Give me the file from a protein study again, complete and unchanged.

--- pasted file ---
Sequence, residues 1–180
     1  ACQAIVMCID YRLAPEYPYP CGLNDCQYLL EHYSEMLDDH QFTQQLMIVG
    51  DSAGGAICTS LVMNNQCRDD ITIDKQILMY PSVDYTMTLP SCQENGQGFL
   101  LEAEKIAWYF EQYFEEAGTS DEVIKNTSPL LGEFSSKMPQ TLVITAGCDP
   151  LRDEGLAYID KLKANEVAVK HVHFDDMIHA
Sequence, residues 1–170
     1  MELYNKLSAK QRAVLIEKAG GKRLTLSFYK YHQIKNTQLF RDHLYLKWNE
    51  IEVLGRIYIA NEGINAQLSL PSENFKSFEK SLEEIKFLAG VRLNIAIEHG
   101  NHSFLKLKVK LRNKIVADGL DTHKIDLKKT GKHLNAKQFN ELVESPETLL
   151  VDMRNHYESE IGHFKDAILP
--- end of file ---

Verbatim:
Sequence, residues 1–180
     1  ACQAIVMCID YRLAPEYPYP CGLNDCQYLL EHYSEMLDDH QFTQQLMIVG
    51  DSAGGAICTS LVMNNQCRDD ITIDKQILMY PSVDYTMTLP SCQENGQGFL
   101  LEAEKIAWYF EQYFEEAGTS DEVIKNTSPL LGEFSSKMPQ TLVITAGCDP
   151  LRDEGLAYID KLKANEVAVK HVHFDDMIHA
Sequence, residues 1–170
     1  MELYNKLSAK QRAVLIEKAG GKRLTLSFYK YHQIKNTQLF RDHLYLKWNE
    51  IEVLGRIYIA NEGINAQLSL PSENFKSFEK SLEEIKFLAG VRLNIAIEHG
   101  NHSFLKLKVK LRNKIVADGL DTHKIDLKKT GKHLNAKQFN ELVESPETLL
   151  VDMRNHYESE IGHFKDAILP